“I love Post Malone’s 'Stoney' because almost every song in it is fantastic, and I have good memories attached to them,” Lewis said.
Photo Desk — Salma HQ and Kelly Carmack
HQ and “El Mayalove”:
“El Mayalove” is a 14-track EP by rising star Ya Levis. With a mix of Congolese and French influences, the artist creates an unparalleled authenticity in his latest release.
“I've been really into Afro-pop recently and this EP is 14 tracks of beautiful French love songs laid set to a melodic fusion of R&B beats and elements of classic Congolese rumba," HQ said. "Even if you don't speak the language, his vocals alone can transport you to all the summer night parties you're avoiding to stay safe and social distance on soft tracks like 'Mbangu Te' as well as more rap party songs like 'Fais-le.'”
Carmack and “the 1975”:
The 1975 is an alternative band that inspired much of the 2014 soft grunge posts on Tumblr feeds. The band reached international notoriety after its self-titled album released in 2013.
“My favorite album is the 1975’s first self-titled debut album. The songs are upbeat and have some 80’s flare — which I’m really into — and I instantly fell in love with it when it first came out a couple years ago. Not everyone’s cup of tea but it’s my favorite,” Carmack said.
Opinions and Inside Beat — Jake McGowan and Ameena Qobrtay
McGowan and “Kidz Bop 3”:
Kidz Bop is a musical group that covers chart-topping hits, with a large audience of eager children.
“'Kidz Bop 3,' released March 4, 2003, is likely the greatest album of all time. Certified Gold, its in-depth lyricism, stellar production and front-to-back harmonizing convey the atmosphere and public sentiment of a post-9/11 America with statement songs such as 'Hero' and, as the albums final number, 'A Moment Like This,'” McGowan said.
Qobrtay and “Ho, Why Is You Here?”:
You may have seen tweets that say something like “FLO MILLI SH*T!” or screenshots of the album onto social media this past week. “Ho, Why Is You Here?” by Flo Milli is 20-year-old Alabama rapper’s masterful creation.
“My favorite album right now is definitely 'Ho, Why Is You Here?' by Flo Milli. I feel like every baddie is currently streaming the album just because it’s so uplifting, empowering and simply exudes the attitude and boss energy a lot of individuals need right now. To Flo Milli, I say thank you for this masterpiece, and to the baddies turning up to these songs, cheers,” Qobrtay said.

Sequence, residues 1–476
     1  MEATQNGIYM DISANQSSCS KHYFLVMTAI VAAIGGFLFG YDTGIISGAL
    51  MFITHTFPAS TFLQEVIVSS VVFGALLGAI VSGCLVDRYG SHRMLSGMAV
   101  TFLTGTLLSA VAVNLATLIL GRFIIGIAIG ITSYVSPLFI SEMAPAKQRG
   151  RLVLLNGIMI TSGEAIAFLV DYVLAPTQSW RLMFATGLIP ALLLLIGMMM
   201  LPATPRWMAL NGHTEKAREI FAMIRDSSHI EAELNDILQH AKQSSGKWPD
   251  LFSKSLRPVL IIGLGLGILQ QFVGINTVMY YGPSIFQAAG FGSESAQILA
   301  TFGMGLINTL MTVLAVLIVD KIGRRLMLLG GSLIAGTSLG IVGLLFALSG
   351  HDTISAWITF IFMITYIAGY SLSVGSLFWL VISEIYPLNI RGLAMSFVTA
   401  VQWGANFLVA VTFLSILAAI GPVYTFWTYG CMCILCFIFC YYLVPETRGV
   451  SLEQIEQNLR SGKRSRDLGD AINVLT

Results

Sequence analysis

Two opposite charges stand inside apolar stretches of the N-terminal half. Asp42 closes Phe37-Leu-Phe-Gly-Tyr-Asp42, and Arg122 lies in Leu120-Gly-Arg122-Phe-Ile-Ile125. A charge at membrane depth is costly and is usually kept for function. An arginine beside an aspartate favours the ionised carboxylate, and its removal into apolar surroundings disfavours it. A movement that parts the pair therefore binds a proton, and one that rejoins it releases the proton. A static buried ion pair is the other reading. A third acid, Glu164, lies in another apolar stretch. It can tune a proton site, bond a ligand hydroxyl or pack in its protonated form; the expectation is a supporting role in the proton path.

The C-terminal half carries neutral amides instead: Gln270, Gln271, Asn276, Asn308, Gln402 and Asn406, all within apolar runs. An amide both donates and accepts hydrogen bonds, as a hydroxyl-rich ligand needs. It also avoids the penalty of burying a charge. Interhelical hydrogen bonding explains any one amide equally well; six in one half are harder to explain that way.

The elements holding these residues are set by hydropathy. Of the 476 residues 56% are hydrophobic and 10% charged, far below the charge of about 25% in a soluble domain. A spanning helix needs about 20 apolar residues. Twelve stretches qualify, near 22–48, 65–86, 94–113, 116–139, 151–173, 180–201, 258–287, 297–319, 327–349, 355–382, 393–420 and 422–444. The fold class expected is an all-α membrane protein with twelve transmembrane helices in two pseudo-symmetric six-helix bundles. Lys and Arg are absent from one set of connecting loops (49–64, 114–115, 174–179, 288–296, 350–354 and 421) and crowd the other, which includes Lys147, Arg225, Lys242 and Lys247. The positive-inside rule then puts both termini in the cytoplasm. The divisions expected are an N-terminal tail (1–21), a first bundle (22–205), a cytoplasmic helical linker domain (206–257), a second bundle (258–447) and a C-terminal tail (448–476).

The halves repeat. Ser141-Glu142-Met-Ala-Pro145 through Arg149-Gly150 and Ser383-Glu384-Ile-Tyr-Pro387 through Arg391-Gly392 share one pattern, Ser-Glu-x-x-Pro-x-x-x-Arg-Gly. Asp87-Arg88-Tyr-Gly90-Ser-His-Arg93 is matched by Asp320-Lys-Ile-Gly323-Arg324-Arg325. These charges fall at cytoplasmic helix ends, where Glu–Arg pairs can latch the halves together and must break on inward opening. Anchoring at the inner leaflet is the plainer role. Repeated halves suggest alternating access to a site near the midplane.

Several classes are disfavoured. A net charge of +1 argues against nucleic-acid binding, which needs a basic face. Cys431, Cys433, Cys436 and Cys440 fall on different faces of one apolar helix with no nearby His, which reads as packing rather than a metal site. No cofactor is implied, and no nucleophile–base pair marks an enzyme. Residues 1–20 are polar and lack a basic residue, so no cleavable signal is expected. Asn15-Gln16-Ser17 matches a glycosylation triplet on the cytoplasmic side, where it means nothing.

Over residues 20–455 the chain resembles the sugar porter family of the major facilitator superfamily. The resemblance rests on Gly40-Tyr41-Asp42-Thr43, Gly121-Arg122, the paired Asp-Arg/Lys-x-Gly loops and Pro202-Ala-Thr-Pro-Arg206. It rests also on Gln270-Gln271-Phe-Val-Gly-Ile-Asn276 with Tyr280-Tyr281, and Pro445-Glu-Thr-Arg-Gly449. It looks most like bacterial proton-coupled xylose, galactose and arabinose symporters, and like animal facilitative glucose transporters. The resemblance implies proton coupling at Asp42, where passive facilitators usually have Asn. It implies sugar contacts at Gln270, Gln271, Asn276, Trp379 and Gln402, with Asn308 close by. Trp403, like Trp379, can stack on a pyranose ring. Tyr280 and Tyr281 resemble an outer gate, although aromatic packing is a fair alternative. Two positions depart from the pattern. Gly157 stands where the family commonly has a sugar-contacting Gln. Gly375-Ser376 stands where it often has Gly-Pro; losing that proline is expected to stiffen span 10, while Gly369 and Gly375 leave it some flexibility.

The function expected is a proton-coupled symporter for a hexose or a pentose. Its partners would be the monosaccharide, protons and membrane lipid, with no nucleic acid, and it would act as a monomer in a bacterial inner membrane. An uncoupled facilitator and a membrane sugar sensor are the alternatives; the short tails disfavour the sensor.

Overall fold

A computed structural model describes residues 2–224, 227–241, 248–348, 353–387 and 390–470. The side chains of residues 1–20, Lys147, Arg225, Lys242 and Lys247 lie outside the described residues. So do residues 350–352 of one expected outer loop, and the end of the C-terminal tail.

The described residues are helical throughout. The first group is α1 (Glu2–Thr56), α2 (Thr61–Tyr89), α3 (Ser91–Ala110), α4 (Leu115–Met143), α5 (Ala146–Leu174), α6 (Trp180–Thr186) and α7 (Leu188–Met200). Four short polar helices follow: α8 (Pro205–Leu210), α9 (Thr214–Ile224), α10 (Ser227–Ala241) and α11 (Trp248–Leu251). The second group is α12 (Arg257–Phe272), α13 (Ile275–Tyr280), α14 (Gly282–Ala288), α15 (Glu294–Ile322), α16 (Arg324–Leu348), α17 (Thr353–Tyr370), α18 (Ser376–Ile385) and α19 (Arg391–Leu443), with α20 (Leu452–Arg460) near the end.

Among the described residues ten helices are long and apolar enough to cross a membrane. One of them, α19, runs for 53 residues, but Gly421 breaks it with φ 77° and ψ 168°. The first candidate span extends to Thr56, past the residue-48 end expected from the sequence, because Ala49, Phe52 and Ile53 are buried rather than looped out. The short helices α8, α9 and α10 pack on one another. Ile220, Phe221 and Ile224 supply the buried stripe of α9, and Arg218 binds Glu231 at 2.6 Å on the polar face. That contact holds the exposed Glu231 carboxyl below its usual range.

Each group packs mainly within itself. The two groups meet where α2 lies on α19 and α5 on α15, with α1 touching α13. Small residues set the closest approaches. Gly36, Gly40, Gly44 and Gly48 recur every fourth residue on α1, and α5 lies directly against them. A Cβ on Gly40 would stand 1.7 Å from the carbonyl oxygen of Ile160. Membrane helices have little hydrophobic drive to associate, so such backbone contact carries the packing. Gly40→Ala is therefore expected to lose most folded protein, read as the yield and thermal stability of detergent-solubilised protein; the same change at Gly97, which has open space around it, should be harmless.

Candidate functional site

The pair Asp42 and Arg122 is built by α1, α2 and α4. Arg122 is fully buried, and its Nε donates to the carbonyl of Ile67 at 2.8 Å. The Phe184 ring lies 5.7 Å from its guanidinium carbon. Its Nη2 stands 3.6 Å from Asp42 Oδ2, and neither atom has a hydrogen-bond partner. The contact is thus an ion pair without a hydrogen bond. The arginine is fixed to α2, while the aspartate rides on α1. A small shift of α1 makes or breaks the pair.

Video Desk — Tarana Parekh and Eli Horowitz
Parekh and “Trip”:
Jhené Aiko is a singer known for her soothing vocals and lyricism centered around spirituality, self-love and finding oneself. “Trip” is the artist’s second studio album, and it’s hard to decide what’s clearer, Aiko’s tender lyrics or beautiful skin.
“This album captures the spirit of being carefree and living in the moment. I find myself listening to this anytime I want to chill out and relax,” Parekh said.
Horowitz and “The Rise and Fall of Ziggy Stardust and the Spiders from Mars”:
David Bowie is largely considered one of the greatest artists of all time, and his legacy exists even outside of his music: His fashion, attitude and interviews make him one of the most iconic figures of all time.
“My favorite album is the 1972 masterpiece by the great David Bowie, 'The Rise and Fall of Ziggy Stardust and the Spiders from Mars.' Ziggy Stardust is one of the greatest concept albums ever made and is filled with classics like 'Five Years,' 'Starman' and the emotional and timeless 'Rock ’n’ Roll Suicide.' This album encompasses everything that made David Bowie one of the most fascinating and complicated artists ever to live,” Horowitz said.